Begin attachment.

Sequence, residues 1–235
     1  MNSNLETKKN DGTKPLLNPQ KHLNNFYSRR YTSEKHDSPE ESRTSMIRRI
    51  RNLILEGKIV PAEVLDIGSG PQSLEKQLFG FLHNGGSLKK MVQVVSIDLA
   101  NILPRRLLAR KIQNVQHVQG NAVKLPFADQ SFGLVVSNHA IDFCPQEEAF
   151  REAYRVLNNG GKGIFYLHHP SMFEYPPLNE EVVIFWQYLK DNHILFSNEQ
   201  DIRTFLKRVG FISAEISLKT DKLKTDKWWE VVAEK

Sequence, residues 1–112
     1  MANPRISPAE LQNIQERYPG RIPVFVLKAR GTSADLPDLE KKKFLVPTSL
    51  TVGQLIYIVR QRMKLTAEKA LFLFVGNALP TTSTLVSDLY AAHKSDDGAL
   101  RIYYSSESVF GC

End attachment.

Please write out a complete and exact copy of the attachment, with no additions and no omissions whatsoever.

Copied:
Sequence, residues 1–235
     1  MNSNLETKKN DGTKPLLNPQ KHLNNFYSRR YTSEKHDSPE ESRTSMIRRI
    51  RNLILEGKIV PAEVLDIGSG PQSLEKQLFG FLHNGGSLKK MVQVVSIDLA
   101  NILPRRLLAR KIQNVQHVQG NAVKLPFADQ SFGLVVSNHA IDFCPQEEAF
   151  REAYRVLNNG GKGIFYLHHP SMFEYPPLNE EVVIFWQYLK DNHILFSNEQ
   201  DIRTFLKRVG FISAEISLKT DKLKTDKWWE VVAEK

Sequence, residues 1–112
     1  MANPRISPAE LQNIQERYPG RIPVFVLKAR GTSADLPDLE KKKFLVPTSL
    51  TVGQLIYIVR QRMKLTAEKA LFLFVGNALP TTSTLVSDLY AAHKSDDGAL
   101  RIYYSSESVF GC